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That's Basically How It Happened: The Battle Of Fredericksburg
Every American knows — or should know — the basics of the American Civil War. The United States split between north and south, the abolition of slavery was an instrumental aspect, Gettysburg was the biggest battle, Robert E. Lee and Ulysses S. Grant were major players, and it ended with the reunification of the country and President Abraham Lincoln assassinated. That's the gist.
A lot of people may not know that, for the first two years, Union forces were stricken with inept military leaders on a monumental level. Perhaps there's no better example than the Battle of Fredericksburg in December of 1862. It wasn't just a loss for the north, it was a bloodbath of epic proportions. That's mostly due to the stubborn and tactically deficient Union leader, Ambrose Burnside.
Burnside's folly at Marye's Heights, a location directly overlooking the city of Fredericksburg where Union forces attempted failed charge after failed charge, was the most notable blunder in a battle that is arguably the Union's most futile defeat.
When it was all said and done, the Union Army left town with their tails in between their legs and a casualty list twice as much as the Confederates.
Burnside was turning his resignation into Lincoln shortly after. But at least he's known for one positive in the war: the style of facial hair known as sideburns is named after his famous look. True story.
The Air Force's top general says one of the designers of the ride-sharing app Uber is helping the branch build a new data-sharing network that the Air Force hopes will help service branches work together to detect and destroy targets.
The network, which the Air Force is calling the advanced battle management system (ABMS), would function a bit like the artificial intelligence construct Cortana from Halo, who identifies enemy ships and the nearest assets to destroy them at machine speed, so all the fleshy humans need to do is give a nod of approval before resuming their pipe-smoking.
An F-15 is rocking a WWII paint job to honor a B-17 pilot who gave his life to save a wounded crewman
An F-15C Eagle is sporting a badass World War II-era paint job in honor of a fallen bomber pilot who gave everything to ensure his men survived a deadly battle.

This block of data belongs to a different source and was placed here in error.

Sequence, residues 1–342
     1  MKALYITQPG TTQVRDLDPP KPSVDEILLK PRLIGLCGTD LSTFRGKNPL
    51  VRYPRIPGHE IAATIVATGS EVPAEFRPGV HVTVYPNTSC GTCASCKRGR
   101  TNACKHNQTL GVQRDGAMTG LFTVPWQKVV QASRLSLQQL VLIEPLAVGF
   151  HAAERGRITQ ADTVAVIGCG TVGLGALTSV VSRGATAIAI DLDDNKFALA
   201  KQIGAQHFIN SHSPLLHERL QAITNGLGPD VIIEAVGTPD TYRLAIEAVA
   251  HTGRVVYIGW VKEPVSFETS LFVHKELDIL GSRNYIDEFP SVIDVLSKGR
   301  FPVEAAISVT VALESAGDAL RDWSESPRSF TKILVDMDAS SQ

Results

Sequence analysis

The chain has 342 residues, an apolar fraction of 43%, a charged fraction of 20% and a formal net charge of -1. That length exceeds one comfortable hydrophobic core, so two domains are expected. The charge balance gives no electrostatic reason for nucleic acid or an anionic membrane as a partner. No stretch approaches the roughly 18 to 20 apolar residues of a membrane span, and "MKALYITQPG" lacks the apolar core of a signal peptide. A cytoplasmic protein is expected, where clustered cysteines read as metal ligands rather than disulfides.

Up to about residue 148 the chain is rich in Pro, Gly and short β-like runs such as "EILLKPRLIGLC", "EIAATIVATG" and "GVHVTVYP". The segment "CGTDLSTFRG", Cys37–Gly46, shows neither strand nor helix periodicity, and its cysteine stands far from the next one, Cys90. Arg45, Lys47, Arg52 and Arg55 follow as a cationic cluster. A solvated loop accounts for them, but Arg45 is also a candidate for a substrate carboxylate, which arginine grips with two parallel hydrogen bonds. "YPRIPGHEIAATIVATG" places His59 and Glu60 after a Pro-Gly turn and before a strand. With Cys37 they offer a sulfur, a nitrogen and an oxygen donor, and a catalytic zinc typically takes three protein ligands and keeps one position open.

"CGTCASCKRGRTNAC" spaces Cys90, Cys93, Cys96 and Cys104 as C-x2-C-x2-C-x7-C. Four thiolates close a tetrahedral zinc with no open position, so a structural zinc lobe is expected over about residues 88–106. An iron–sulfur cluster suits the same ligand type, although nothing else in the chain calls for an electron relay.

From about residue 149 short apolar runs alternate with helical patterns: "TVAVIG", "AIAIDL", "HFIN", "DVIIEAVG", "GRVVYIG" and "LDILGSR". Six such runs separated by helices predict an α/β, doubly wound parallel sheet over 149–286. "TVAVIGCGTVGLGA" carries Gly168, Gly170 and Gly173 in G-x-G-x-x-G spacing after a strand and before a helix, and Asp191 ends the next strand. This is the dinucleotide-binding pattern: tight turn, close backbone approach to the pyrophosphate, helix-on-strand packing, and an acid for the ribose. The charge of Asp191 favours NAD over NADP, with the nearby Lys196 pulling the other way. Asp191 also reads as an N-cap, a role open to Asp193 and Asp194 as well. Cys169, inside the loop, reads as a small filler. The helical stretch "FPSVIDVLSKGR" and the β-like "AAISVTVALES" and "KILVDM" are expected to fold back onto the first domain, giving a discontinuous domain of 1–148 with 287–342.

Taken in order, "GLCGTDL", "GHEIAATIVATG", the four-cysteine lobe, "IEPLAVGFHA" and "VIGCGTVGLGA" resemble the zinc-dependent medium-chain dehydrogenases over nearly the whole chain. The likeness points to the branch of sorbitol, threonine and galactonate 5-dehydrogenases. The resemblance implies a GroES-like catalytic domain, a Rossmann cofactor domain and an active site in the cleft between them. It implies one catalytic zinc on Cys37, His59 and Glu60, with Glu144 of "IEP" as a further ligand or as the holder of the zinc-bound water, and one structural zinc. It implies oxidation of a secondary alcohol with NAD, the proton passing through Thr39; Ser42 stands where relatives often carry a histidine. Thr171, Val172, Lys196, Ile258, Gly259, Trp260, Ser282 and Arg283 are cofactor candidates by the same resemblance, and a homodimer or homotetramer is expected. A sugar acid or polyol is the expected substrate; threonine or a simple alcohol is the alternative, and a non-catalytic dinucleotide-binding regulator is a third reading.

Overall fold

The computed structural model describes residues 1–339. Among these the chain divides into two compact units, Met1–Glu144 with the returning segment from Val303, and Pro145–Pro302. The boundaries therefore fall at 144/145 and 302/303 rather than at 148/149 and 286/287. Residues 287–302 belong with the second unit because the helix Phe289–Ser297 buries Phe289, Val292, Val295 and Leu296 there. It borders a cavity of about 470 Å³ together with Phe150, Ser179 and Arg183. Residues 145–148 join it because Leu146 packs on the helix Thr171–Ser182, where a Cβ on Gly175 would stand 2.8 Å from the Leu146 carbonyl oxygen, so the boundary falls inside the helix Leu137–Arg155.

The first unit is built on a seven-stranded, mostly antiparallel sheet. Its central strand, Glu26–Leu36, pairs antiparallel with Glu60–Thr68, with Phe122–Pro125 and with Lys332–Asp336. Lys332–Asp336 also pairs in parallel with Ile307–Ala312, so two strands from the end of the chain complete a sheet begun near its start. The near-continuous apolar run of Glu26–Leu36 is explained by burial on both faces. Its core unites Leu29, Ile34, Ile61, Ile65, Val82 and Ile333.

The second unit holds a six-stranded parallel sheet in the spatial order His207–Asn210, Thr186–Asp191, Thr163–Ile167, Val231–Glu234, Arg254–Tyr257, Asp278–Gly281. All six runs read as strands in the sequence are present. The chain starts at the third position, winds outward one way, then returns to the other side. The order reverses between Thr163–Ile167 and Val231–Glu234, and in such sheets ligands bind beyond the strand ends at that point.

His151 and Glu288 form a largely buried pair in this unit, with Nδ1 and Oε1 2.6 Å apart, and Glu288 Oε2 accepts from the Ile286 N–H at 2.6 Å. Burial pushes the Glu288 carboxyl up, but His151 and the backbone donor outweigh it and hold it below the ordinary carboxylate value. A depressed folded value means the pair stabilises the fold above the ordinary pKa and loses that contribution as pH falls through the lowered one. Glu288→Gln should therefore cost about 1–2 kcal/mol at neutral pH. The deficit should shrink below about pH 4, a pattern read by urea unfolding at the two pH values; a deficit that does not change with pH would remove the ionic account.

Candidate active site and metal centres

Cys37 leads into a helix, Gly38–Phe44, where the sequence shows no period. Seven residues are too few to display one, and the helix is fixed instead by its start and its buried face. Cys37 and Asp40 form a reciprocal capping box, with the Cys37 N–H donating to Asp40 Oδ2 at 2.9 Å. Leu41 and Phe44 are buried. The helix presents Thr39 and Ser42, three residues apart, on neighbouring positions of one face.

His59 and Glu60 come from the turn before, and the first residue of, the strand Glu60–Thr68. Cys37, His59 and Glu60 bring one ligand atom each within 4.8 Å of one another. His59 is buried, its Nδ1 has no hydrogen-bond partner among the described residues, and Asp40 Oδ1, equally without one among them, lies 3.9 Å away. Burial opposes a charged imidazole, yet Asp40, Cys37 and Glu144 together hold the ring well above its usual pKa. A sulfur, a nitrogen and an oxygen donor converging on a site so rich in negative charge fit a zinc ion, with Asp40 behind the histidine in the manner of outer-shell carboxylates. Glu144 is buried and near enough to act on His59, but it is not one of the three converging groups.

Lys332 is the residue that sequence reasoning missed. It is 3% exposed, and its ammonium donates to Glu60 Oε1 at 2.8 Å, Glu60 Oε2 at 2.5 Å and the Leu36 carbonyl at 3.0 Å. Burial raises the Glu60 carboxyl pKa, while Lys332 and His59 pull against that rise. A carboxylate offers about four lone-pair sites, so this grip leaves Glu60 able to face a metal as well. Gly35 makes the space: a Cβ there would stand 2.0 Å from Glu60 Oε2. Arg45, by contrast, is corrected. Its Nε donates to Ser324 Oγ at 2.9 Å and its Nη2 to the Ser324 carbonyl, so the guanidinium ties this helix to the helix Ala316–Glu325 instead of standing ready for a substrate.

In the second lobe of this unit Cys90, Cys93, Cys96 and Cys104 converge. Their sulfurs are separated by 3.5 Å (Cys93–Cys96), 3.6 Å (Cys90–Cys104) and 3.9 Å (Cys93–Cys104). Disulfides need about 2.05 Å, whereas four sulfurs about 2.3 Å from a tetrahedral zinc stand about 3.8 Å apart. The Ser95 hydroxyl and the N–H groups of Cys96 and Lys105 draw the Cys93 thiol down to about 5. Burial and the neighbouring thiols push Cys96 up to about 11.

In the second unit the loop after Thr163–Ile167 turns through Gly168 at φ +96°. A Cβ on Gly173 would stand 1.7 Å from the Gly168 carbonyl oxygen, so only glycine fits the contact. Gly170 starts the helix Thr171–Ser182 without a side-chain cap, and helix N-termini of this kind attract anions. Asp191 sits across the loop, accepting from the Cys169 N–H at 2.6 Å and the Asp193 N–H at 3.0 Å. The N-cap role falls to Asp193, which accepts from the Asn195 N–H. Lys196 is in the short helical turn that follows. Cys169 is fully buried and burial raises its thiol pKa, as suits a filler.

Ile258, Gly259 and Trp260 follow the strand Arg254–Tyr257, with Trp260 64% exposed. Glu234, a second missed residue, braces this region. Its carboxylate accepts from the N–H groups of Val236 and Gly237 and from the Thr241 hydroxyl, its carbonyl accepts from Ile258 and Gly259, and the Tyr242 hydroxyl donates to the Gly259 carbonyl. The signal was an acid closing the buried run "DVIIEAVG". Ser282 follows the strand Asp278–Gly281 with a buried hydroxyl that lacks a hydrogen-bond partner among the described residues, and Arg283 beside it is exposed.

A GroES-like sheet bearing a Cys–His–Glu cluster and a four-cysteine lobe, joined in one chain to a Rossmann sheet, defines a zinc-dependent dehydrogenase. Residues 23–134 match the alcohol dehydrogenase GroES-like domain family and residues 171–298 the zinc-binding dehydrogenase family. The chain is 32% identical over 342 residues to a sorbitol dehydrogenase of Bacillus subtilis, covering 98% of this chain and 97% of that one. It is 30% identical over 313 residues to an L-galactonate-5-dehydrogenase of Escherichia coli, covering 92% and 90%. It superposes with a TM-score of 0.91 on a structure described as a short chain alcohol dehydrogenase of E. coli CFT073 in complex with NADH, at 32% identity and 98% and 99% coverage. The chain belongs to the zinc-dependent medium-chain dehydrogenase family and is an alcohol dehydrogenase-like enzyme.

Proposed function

A U.S. E-11A Battlefield Airborne Communications Node aircraft crashed on Monday on Afghanistan, Air Force Chief of Staff Gen. David Goldfein has confirmed.
Beloved basketball legend Kobe Bryant, his daughter, and seven other people were killed in a helicopter crash in Calabasas, California on Sunday. Two days earlier, Army Spc. Antonio I. Moore was killed during a vehicle rollover accident while conducting route clearing operations in Syria.
Which one more deserves your grief and mourning? According to Maj. Gen. John R. Evans, commander of the U.S. Army Cadet Command, you only have enough energy for one.
After 70 years, service members are finally filing medical malpractice claims against the US military
Jessica Purcell, a captain in the U.S. Army Reserve, was pregnant with her first child when she noticed a swollen lymph node in her left underarm.
Health-care providers at a MacDill Air Force Base clinic told her it was likely an infection or something related to pregnancy hormones. The following year they determined the issue had resolved itself.
It hadn't. A doctor off base found a large mass in her underarm and gave her a shocking diagnosis: stage 2 breast cancer.
Purcell was pregnant again. Her daughter had just turned 1. She was 35. And she had no right to sue for malpractice.
A 1950 Supreme Court ruling known as the Feres doctrine prohibits military members like Purcell from filing a lawsuit against the federal government for any injuries suffered while on active duty. That includes injury in combat, but also rape and medical malpractice, such as missing a cancer diagnosis.
Thanks in part to Tampa lawyer Natalie Khawam, a provision in this year's national defense budget allows those in active duty to file medical malpractice claims against the government for the first time since the Feres case.
With the Department of Defense overseeing the new claims process, the question now is how fairly and timely complaints will be judged. And whether, in the long run, this new move will help growing efforts to overturn the ruling and allow active duty members to sue like everyone else.